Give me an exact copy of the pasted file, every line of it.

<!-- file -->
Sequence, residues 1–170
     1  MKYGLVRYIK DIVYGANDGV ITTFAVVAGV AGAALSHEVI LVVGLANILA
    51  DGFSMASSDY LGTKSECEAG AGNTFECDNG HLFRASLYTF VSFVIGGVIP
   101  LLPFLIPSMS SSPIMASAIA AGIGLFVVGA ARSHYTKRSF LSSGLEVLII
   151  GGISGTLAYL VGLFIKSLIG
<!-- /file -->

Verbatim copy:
Sequence, residues 1–170
     1  MKYGLVRYIK DIVYGANDGV ITTFAVVAGV AGAALSHEVI LVVGLANILA
    51  DGFSMASSDY LGTKSECEAG AGNTFECDNG HLFRASLYTF VSFVIGGVIP
   101  LLPFLIPSMS SSPIMASAIA AGIGLFVVGA ARSHYTKRSF LSSGLEVLII
   151  GGISGTLAYL VGLFIKSLIG